15 AVRIL 2013 NEWS: Stanbury Hill - Ganja - Ebla - Kythera - Bar sur Aube - Fort Hunter - Alkersleben -






ROYAUME UNI3342668920.jpg Stanbury Hill - Evidence of life, possibly dating back 9,000 years, on Stanbury Hill on the edge of Bingley Moor, has been unearthed thanks to a community archaeology project investigating the site. Set up in 2008 and run and staffed by local volunteers, the Stanbury Hill Project was tasked with probing the prehistoric landscape which was characterised by “cup and ring marked” rocks – believed to date from the late Neolithic to early Bronze Age, around 2500 BC. As it draws to an end, project director Keith Boughey revealed that excavation has uncovered chert tools, made from a flint-like material, which could date from the Mesolithic period (or Middle Stone Age). The discovery of the tools means that hunter-gatherers were on the site 9,000 years ago, around 7000 BC.  Dr Boughey, a retired teacher, said: “That we did not expect. It did not mean they lived up there but they were certainly there. We found clear evidence that human beings were on the hill in 7000 BC.” Following research that included the use of magnetism, electrical resistance and metal detecting to probe for remains under the ground, an area of just under 50,000 square metres of moorland revealed more than 200 different features. Excavation recovered charcoal, flint and chert tools, evidence of some form of agriculture, and several new examples of rock art. The charcoal originated from a mixture of tree species that suggested a date range of 1850-3350 BC and a deciduous woodland environment in a warmer climate than today, while radiocarbon dates from the western end of the site in the area of the excavations returned dates of 1905-1755 and 2035-1895 BC, firmly in the Bronze Age. Dr Boughey said: “The key thing is getting some dates. Those two dates coincide with the human evidence up there. We definitely have a prehistoric site up there; it is Bronze Age; 4,000 years ago there were people up there doing stuff.” As well as finding tools made of chert which is found locally, researchers found tools made of flint which had come from the Yorkshire Wolds, more than 100 miles away.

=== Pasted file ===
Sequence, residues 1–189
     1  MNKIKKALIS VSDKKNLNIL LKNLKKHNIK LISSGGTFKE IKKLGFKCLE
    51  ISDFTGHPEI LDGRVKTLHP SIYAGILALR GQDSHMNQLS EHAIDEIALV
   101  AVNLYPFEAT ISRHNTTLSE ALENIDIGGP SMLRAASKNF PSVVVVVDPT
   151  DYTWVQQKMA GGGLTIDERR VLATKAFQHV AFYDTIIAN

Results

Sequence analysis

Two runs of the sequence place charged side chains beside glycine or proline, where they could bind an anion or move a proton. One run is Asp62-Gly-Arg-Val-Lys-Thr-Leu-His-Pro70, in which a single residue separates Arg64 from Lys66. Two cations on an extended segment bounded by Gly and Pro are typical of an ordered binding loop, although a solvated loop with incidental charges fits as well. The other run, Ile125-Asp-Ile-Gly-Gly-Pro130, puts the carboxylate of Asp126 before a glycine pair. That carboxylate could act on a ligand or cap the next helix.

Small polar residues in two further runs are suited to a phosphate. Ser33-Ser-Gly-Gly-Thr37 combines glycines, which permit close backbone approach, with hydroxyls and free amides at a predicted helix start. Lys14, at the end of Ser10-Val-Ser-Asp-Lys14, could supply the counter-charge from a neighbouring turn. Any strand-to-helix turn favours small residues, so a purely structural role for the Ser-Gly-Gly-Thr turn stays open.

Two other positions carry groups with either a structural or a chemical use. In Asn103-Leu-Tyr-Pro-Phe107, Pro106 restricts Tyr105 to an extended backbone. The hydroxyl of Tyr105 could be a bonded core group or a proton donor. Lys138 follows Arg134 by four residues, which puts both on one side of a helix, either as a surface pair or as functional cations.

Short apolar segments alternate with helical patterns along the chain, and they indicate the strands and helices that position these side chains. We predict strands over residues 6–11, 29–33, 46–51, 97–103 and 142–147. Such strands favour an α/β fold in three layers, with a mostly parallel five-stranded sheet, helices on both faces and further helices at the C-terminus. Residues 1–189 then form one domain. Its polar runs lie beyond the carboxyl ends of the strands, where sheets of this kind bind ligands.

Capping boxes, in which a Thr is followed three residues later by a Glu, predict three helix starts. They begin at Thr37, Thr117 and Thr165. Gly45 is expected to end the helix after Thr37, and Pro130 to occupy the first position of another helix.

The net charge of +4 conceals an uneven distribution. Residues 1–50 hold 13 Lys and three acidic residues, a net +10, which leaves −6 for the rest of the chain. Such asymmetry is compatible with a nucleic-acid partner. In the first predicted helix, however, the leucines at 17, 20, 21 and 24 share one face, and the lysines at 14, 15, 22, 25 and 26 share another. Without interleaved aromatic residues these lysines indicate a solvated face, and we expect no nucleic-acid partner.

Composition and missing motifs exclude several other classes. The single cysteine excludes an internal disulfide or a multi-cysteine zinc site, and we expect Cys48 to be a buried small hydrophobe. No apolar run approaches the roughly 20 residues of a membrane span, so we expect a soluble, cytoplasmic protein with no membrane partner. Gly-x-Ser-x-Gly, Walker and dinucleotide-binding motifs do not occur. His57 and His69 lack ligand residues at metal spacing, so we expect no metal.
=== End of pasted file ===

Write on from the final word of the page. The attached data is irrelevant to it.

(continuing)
AZERBAIDJAN- Ganja - Egyptian archeologists have also proved that Ganja, the second largest city of Azerbaijan, is more than 4000 years old, deputy director for scientific affairs at the Azerbaijan National Academy of Sciences Ganja Scientific Center Samir Pishnamazzadeh told. He said the samples collected in Ganja under the leadership of director of the Library of Alexandria Ismail Serageldin have been taken to Archaeology Center, studies have started.  “We have sent crafts, pottery samples and jewelries, which were collected by Hummer’s brothers in the Ganja River and kept at Ganja State Museum of Ethnography, to Egypt. Through analysis, Egyptian archaeologists confirmed that Ganja is more than 4,000 years old.” According to Samir Pishnamazzadeh, the first analysis on the age of Ganja city was carried out by the US Smithsonian Institution: “A sample was taken from the banding agent that fastened the stones of walls in Zurnabad area and sent to the Smithsonian Institution for chemical analysis. According to the results, it was found out that Ganja is 4,000 years old.” Pishnamazzadeh said that on April 25, an archaeological research team from the US will arrive in Azerbaijan and conduct studies on the age of the city.